Editorials

Choose Tyler for House 45 district

Chris Tyler
Chris Tyler

Rarely does a political challenger come along who is as impressive as Republican Chris Tyler, in knowledge, work ethic or experience.

Like most challengers, Tyler can't begin to outspend the incumbent, Rep. Stan Lee, who is pulling in money from the coal industry, the Corbin-based conglomerate the Forcht Group, his fellow House Republicans and his law partners here and in West Virginia.

Tyler does offer something Lee can't match: a history of bipartisan accomplishment. Believe it or not, Tyler has achieved more in the Kentucky House of Representatives as a volunteer than Lee has in 12 years as a member.

Tyler is helping governments, schools and businesses save money through energy efficiency. As advocacy chairman of the Kentucky chapter of the U.S. Green Building Council, he has pulled together people from all over the state and both sides of the political aisle. His efforts yielded the legislature's bipartisan Green Schools Caucus in 2010.

Tyler helped develop and gather support for a bill this year that cleared the House 96 to 1. It would have increased access to financing for small or mid-sized manufacturers to undertake energy efficiency projects designed to pay for themselves in seven years.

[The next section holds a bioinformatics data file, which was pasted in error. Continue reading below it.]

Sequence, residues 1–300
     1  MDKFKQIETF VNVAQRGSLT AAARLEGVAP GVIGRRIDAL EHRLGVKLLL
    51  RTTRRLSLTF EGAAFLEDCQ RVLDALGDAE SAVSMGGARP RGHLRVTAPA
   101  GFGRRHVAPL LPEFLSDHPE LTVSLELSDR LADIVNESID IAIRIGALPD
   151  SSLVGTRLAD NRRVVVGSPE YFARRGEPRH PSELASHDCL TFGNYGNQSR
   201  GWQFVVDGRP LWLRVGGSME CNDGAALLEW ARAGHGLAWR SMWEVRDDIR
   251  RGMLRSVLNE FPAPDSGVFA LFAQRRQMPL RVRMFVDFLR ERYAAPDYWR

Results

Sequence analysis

It also would have created a Kentucky Green Schools Authority to provide technical assistance and financing for energy saving projects in schools.

Unfortunately, the bill was gutted and used as a vehicle for something else in the Senate.

Even good ideas usually need a few sessions to make it into law. The point is Tyler has good ideas that people can unite behind — and he already knows the ropes in Frankfort.

A fiscal and social conservative, Tyler is the father of three, a Sunday school teacher, T-ball coach and member of a PTA committee that developed a plan that is saving $52,000 a year in utility bills at Rosa Parks Elementary School.

An engineer and MBA with degrees from the University of Kentucky, Tyler espouses accountability in government and education. He has called for legislation that would withhold pay from lawmakers for special sessions required because they didn't finish their regular session work on time, as happened last month.

Lexington would get far more value from Tyler, with his push to create construction and technology jobs and save money for public education, than from Lee, whose prime causes have been charter schools, states rights and guns.

Lee is a good speech-maker, but his speeches are so frequent and predictable that even some Republicans roll their eyes when he rises. In 12 years in the legislature he has served just two years in Republican leadership, the group that has a say in budget negotiations, and he has no legislative accomplishments to speak of.

Take Lee out of the legislature and it would still have plenty of lawyers, ideologues and orators.

Tyler is a problem solver who has already shown he can find common ground in pursuit of common sense solutions.

There is no Democratic candidate. Republicans in District 45 should send Chris Tyler to the legislature.

The unendorsed candidate may submit a 250-word response by noon Friday.

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